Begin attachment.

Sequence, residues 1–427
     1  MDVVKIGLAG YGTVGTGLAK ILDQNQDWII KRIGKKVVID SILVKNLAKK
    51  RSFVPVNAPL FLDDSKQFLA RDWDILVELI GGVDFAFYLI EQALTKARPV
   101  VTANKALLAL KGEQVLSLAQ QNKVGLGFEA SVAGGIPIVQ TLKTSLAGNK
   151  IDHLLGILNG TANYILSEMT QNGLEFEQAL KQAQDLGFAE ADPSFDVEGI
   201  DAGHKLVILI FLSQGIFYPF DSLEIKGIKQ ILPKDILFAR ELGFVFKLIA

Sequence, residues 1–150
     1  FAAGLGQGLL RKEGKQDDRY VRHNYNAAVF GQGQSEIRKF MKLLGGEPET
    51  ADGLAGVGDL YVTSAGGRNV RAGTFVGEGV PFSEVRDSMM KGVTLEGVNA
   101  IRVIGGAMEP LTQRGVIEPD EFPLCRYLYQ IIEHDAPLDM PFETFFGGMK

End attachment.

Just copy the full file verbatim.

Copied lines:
Sequence, residues 1–427
     1  MDVVKIGLAG YGTVGTGLAK ILDQNQDWII KRIGKKVVID SILVKNLAKK
    51  RSFVPVNAPL FLDDSKQFLA RDWDILVELI GGVDFAFYLI EQALTKARPV
   101  VTANKALLAL KGEQVLSLAQ QNKVGLGFEA SVAGGIPIVQ TLKTSLAGNK
   151  IDHLLGILNG TANYILSEMT QNGLEFEQAL KQAQDLGFAE ADPSFDVEGI
   201  DAGHKLVILI FLSQGIFYPF DSLEIKGIKQ ILPKDILFAR ELGFVFKLIA

Sequence, residues 1–150
     1  FAAGLGQGLL RKEGKQDDRY VRHNYNAAVF GQGQSEIRKF MKLLGGEPET
    51  ADGLAGVGDL YVTSAGGRNV RAGTFVGEGV PFSEVRDSMM KGVTLEGVNA
   101  IRVIGGAMEP LTQRGVIEPD EFPLCRYLYQ IIEHDAPLDM PFETFFGGMK